A lyrical, pretty story about a girl learning who she is and the power that she has, not as an evil witch or villain but as a woman.
I grew up on fairy tales. As a young child, they were the pretty, dumbed down ones with the happy endings and the lack of gore. As I got older, I read the original, often brutal, versions. I guess my love of fairy tales has chased me. As an adult, I am drawn to fairy tale reimaginings or fantasy with that beautiful fairy tale cadence. So, of course The Book of Gothel called to me.
The Book of Gothel is a reimagining of the story of Rapunzel, told from the point of view of the villain. Known as Haelewise in the story, it starts with her as a young woman in a small village and continues on, the conclusion summing up the fairy tale we all know. If you’re looking for a story that doesn’t stray at all from the original fairy tale, The Book of Gothel is not for you.
Haelewise suffers from fainting spells and sensitivity to light. Of course, these things make her a pariah in her village, where such things are seen as unnatural. A daughter of a midwife, Haelewise is really only tolerated because of her mother’s skill with delivering babies. Then, her mother dies and Haelewise is left running from accusations of witchcraft.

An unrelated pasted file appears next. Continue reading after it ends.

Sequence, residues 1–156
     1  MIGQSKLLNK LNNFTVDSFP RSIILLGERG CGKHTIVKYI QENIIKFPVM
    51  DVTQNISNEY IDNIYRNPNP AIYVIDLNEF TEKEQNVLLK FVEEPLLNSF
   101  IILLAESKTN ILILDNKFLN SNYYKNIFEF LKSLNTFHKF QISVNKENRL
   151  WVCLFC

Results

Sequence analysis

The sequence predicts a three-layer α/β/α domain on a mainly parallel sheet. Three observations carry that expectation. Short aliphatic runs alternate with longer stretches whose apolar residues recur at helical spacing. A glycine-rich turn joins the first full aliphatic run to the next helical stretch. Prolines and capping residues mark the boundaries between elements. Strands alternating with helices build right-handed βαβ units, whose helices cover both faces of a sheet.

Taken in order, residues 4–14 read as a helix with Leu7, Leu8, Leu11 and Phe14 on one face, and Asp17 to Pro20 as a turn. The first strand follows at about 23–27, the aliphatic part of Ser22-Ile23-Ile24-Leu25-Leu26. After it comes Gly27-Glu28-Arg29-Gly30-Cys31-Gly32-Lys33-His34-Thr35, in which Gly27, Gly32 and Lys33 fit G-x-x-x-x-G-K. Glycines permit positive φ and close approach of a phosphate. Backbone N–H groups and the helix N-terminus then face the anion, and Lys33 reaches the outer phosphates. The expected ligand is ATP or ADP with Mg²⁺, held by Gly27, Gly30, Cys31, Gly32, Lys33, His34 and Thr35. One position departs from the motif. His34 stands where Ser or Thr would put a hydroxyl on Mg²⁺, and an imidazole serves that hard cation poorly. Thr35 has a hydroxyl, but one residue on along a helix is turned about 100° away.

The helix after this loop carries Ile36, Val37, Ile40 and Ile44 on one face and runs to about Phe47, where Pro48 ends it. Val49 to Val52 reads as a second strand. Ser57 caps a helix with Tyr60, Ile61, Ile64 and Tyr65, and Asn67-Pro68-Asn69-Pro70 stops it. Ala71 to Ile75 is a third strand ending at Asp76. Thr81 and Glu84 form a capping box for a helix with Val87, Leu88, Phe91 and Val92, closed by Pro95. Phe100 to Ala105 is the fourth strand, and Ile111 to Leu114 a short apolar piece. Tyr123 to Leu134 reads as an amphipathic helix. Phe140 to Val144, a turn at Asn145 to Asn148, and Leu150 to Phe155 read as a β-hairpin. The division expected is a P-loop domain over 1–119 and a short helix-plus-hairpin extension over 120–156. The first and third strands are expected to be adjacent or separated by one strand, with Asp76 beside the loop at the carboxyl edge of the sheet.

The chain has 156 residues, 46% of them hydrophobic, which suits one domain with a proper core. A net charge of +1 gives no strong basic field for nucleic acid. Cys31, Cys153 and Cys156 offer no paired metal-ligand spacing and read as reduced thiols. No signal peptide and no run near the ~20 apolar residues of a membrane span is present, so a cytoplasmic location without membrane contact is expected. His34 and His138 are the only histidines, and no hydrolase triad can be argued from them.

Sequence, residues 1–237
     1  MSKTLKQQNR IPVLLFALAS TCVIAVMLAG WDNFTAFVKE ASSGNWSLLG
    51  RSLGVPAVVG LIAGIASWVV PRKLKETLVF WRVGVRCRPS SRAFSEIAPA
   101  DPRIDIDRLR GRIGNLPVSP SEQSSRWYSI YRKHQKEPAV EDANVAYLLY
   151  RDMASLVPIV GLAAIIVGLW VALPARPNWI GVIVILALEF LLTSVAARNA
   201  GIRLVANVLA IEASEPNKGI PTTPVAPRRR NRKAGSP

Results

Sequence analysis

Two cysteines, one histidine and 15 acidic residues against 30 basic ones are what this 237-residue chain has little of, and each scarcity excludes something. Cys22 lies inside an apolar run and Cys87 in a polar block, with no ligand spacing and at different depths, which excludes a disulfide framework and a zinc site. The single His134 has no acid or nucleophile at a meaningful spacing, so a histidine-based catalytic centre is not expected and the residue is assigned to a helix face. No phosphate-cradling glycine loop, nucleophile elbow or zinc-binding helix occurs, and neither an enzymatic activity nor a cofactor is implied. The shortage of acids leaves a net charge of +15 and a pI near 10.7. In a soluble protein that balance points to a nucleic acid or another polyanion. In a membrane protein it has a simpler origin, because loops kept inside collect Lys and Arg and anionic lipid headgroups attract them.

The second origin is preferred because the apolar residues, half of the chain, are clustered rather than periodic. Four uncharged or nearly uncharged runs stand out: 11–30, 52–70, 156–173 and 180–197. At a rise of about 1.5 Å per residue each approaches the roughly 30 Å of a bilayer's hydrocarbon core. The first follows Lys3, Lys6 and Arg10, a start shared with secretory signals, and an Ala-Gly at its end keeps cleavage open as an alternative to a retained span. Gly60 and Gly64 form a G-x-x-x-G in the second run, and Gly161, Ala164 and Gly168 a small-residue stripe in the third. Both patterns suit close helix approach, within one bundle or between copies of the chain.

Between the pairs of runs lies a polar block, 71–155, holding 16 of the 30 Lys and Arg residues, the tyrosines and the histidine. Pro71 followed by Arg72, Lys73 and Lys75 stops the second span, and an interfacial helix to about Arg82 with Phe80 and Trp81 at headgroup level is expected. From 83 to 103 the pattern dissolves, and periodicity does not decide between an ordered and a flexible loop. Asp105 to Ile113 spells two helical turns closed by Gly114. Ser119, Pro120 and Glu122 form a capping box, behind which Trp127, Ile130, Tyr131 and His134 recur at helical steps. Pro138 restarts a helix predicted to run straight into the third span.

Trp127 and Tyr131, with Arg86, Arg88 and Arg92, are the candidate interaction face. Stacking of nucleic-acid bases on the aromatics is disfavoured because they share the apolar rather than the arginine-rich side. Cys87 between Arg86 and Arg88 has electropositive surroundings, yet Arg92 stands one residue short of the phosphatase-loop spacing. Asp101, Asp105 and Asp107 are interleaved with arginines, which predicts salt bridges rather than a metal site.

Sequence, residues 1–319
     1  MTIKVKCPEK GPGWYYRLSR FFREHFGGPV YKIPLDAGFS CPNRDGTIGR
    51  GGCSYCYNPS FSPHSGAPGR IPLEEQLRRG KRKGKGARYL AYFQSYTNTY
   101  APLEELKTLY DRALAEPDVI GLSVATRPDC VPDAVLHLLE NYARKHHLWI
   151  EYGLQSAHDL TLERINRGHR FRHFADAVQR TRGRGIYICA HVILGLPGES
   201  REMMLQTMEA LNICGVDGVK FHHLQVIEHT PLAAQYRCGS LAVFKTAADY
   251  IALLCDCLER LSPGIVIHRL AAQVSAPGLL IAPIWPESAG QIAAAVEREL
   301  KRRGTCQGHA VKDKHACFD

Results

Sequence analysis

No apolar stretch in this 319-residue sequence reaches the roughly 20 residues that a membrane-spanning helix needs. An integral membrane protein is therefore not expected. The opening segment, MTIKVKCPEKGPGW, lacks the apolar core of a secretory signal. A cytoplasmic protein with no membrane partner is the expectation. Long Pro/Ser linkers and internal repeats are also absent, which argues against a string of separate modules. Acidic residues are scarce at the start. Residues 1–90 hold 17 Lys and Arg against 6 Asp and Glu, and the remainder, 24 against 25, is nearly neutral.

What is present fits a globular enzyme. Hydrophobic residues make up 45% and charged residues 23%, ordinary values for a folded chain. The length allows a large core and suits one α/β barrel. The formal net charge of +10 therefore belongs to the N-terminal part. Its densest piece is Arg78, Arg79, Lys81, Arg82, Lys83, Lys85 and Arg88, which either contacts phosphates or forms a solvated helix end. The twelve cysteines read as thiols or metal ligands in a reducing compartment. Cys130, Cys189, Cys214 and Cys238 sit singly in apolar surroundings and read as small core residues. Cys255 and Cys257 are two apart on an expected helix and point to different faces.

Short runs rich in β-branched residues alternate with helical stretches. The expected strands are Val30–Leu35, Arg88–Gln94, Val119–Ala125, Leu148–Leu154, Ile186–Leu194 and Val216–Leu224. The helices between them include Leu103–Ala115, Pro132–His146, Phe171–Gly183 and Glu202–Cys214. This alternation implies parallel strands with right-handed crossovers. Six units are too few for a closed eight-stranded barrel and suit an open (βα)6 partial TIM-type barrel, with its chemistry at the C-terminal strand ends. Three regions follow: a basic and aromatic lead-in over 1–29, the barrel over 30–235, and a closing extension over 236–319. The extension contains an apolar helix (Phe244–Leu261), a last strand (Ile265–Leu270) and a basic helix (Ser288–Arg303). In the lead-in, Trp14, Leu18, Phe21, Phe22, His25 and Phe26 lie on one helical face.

While so much of the story happens in her village, I felt like the book didn’t really begin until Haelewise reaches the Tower of Gothel and begins to learn more about who her mother was and who she herself is. The choices she makes and her resourcefulness are what make her into an intriguing character. I wouldn’t necessarily call her likeable, but she is interesting, which is better.
There were things that I wish had been explored further, with less time being spent on others. For example, Haelewise’s almost-obsession with other women’s newborns was such an interesting aside that I wish it had been more fully explored. I would have loved to know more about her almost savage hunger for a child. I could also have done with less from her sort-of boyfriend, who I really truly hated. He was well-written; he was also a spineless jerk who wanted to have his cake and eat it too (just my personal opinion. I’m not sure that’s the effect the author was going for).
I enjoyed seeing bits and pieces from the original tail sneak through into a new narrative. The storyline was so different that these moments would serve to remind me that I was, in fact, reading a fairy tale reimagining. Otherwise, I would have forgotten completely, caught up in an engrossing and creative coming-of-age story. Because, at the end of the day, that’s what The Book of Gothel is. It is a lyrical, pretty story about a girl learning who she is and the power that she has, not as an evil witch or villain but as a woman.
While not what I expected, The Book of Gothel sucked me in and kept me quickly turning pages. It is mysterious and charming, a novel worth getting lost in.